This past Sunday I attended church. My son Corey came for a visit and his faith means much to him. Knowing the important space church holds for Corey, I offered to go, so we went to the service at Chubbuck United Methodist Church. 
I drive past the little white church each day on my way to and from school. I walk past it when strolling with my dogs. On Sunday I walked through the church doors for the first time. 

Since the pastor was out of town, a member delivered a short sermon based on Mark 4: 26-34. The passage tells the parable of the mustard seed, and as the speaker shared, I thought about the story's application to teaching. We teachers cast out seeds and await their germination. We rarely see the harvest of our sowing. Yet in April our system of education forces us and our students to endure the indignity of state mandated testing.  These tests constitute the educational equivalent of premature harvesting of a crop. 

Biblical stories live in the texts of American literature., too. To understand our culture, our heritage, and our literature, we must know and understand bible stories. Writing in The American Adam, R. W. B. Lewis says that Thoreau 

was among the first to see Christian literature as only the purest and most inspiring of the fables about the relation of man to nature and about the infinite capacities of the unaided human spirit. The bible...was the finest poem which had ever been written; it was the same in substance as Homeric or Hindu mythology, but it was richer in metaphor. The bible spoke more sharply to the human condition. This was why Thoreau, like Whitman, could employ the most traditional of religious phrases and invest them with an unexpected and dynamic new life. (22)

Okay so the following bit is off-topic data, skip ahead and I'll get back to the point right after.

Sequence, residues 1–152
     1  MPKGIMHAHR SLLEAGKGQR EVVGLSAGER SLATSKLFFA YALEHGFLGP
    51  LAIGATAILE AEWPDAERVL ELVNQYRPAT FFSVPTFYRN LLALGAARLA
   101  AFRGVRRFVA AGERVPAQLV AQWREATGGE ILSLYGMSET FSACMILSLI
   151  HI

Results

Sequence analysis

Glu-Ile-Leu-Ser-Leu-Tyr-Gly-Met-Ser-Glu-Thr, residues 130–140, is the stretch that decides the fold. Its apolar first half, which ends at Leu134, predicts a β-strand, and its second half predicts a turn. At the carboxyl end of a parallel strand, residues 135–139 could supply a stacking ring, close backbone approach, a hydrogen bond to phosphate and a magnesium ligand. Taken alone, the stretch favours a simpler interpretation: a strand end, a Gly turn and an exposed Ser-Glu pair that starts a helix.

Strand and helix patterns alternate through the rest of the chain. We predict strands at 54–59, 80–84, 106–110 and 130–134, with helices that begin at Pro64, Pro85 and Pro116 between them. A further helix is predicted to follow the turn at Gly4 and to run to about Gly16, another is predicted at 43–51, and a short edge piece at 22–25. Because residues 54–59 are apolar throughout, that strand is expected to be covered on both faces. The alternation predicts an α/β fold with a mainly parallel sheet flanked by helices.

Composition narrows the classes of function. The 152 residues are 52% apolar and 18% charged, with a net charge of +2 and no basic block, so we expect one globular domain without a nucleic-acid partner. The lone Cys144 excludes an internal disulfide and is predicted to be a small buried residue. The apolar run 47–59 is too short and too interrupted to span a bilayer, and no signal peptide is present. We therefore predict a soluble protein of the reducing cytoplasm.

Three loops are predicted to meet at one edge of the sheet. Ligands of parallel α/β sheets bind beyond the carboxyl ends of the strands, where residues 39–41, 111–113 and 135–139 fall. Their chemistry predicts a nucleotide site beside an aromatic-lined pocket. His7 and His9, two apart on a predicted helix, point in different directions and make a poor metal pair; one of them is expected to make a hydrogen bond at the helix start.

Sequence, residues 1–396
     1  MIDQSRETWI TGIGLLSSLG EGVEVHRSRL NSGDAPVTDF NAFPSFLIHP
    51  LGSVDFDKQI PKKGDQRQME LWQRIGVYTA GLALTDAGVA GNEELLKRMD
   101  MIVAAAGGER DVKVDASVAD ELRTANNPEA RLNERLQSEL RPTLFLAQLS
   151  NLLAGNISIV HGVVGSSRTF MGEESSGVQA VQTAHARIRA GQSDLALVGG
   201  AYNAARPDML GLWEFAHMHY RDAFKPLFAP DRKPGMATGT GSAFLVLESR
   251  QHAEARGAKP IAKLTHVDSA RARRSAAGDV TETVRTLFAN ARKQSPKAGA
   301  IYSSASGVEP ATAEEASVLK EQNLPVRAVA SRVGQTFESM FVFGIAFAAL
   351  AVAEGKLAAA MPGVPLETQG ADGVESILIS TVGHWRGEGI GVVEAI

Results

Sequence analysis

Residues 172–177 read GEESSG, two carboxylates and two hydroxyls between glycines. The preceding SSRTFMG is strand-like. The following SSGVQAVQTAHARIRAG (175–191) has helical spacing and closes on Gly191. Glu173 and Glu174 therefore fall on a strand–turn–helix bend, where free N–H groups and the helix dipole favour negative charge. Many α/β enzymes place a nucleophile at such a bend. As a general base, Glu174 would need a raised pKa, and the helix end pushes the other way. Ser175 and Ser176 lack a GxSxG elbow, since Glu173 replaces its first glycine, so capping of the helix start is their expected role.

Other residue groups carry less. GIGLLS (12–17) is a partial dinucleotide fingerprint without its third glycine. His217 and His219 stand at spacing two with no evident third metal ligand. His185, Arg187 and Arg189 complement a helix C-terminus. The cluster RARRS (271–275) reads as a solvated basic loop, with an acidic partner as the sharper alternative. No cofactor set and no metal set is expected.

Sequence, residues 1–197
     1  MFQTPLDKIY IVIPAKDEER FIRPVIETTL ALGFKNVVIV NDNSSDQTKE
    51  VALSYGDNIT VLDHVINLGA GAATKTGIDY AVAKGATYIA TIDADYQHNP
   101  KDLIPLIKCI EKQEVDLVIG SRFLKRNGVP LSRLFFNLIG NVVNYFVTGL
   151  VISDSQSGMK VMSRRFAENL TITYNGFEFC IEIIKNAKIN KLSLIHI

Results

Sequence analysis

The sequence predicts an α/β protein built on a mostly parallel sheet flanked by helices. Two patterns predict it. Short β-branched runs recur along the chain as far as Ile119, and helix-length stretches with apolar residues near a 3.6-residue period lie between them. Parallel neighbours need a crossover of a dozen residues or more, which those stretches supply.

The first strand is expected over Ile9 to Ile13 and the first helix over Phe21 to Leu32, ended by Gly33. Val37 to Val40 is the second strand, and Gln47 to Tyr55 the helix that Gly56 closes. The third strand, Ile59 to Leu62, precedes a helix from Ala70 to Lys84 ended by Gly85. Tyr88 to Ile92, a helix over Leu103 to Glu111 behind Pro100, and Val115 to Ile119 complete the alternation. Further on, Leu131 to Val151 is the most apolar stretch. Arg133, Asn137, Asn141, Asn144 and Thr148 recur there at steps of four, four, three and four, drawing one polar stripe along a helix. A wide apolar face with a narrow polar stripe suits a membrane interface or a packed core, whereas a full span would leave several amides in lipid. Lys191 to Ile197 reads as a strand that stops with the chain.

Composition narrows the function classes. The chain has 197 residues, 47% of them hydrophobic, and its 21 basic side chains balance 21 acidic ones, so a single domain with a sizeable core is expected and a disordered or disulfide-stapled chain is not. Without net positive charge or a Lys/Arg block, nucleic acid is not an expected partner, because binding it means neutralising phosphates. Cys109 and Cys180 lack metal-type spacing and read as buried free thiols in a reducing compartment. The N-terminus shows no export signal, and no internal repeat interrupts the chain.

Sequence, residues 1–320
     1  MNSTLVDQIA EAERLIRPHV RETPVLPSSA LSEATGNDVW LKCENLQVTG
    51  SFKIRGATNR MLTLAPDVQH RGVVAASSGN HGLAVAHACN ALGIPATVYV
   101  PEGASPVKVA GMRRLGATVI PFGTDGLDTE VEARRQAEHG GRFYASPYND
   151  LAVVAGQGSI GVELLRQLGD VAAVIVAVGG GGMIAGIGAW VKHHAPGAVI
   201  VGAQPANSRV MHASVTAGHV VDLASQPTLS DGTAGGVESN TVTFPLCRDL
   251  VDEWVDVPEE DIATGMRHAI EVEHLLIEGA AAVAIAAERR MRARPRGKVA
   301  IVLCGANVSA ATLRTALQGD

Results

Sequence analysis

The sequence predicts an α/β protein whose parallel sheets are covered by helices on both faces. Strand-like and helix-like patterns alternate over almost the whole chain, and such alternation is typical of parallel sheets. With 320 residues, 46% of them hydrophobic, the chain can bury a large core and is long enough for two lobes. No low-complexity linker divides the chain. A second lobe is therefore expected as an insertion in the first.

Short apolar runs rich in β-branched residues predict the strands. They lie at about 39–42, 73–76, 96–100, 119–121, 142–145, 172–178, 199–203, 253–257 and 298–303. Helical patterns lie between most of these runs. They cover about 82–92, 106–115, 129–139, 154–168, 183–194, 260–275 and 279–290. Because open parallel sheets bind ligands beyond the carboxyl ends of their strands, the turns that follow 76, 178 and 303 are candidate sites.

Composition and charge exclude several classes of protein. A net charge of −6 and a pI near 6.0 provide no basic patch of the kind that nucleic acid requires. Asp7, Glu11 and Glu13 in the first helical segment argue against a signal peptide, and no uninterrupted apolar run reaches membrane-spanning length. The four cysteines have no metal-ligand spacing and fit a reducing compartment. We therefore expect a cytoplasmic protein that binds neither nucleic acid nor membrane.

American writers have employed religious metaphors, retellings, allusions, imagery in their writings throughout American history. Here are just a few:

  • William Faulkner: Absalom, Absalom!
  • John Steinbeck: East of Eden
  • Toni Morrison: Song of Solomon
  • Herman Melville: Moby Dick
  • Flannery O'Connor: "A Good Man is Hard to Find"
  • T.S. Eliot: "The Waste Land"
I'm currently reading All the Pretty Horses by Cormac McCarthy and can't help but think about Christ's wandering in the wilderness as I contemplate the travels of John Grady Cole and his desire to save Jimmy Blevins.  The novel challenges romantic ideals about the west ingrained in our collective psyche. Similarly, the parable of the mustard seed invites us to consider the seeds we sow and what they need to germinate. Simply, biblical stories, regardless of one's personal faith, present opportunities for us to think about life. 

Next year I'll be teaching AP Literature and Composition. I wouldn't be doing my job if I neglect to teach students biblical allusions. Without knowing the stories from the bible, the literature we study will be incomplete. Sure, I could give students a list of allusions, perhaps this one from Quizlet, but an incomplete story, like a sermon without scripture, rings as nothing more than "sounding brass and tinkling symbols." 

Tuesday, June 9, 2015

Stories Students Tell about Their Teachers: Remembering Mr. Meadows--Slice of Life #SoL15

Each Tuesday the ladies of TWO WRITING TEACHERS host the Slice of Life Story Challenge. Head over to TWT for more slices. 

This past week brought news of the death of one of my high school teachers. Charles Meadows taught World Geography and coached wrestling and football in Webb City, Missouri . He was my World Geography teacher in ninth grade (1973-1974).

According to his obituary, Mr. Meadows died suddenly. He was 69, much younger than I realized.
My classmates have been sharing their memories of Mr. Meadows and the influence he had on their lives over on Facebook. Their stories include:
  • Coach Meadows was a jewel! I owe my love of world geography to him...sitting directly in front of his desk in freshman World Geography made me a bit more studious than I really was! He had an amazing gift of making a kid very attentive and never wanting to miss a single word he spoke! Rest in Peace Coach Meadows, you'll always occupy space in the hearts of so MANY of your former students!!!  (Teri Edwards)